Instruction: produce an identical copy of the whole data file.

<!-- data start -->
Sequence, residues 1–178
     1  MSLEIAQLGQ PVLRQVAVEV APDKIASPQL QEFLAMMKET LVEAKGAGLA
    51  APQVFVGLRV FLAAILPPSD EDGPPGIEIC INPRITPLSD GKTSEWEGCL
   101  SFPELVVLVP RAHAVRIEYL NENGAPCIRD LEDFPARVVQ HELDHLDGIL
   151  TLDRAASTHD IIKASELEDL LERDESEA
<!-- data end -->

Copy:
Sequence, residues 1–178
     1  MSLEIAQLGQ PVLRQVAVEV APDKIASPQL QEFLAMMKET LVEAKGAGLA
    51  APQVFVGLRV FLAAILPPSD EDGPPGIEIC INPRITPLSD GKTSEWEGCL
   101  SFPELVVLVP RAHAVRIEYL NENGAPCIRD LEDFPARVVQ HELDHLDGIL
   151  TLDRAASTHD IIKASELEDL LERDESEA